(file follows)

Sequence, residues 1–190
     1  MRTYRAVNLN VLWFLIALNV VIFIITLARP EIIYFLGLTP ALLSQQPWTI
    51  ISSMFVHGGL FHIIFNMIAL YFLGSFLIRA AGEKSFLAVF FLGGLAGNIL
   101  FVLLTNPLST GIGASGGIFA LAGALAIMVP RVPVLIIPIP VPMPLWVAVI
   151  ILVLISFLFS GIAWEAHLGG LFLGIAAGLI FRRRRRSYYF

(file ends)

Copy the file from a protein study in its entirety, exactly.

Sequence, residues 1–190
     1  MRTYRAVNLN VLWFLIALNV VIFIITLARP EIIYFLGLTP ALLSQQPWTI
    51  ISSMFVHGGL FHIIFNMIAL YFLGSFLIRA AGEKSFLAVF FLGGLAGNIL
   101  FVLLTNPLST GIGASGGIFA LAGALAIMVP RVPVLIIPIP VPMPLWVAVI
   151  ILVLISFLFS GIAWEAHLGG LFLGIAAGLI FRRRRRSYYF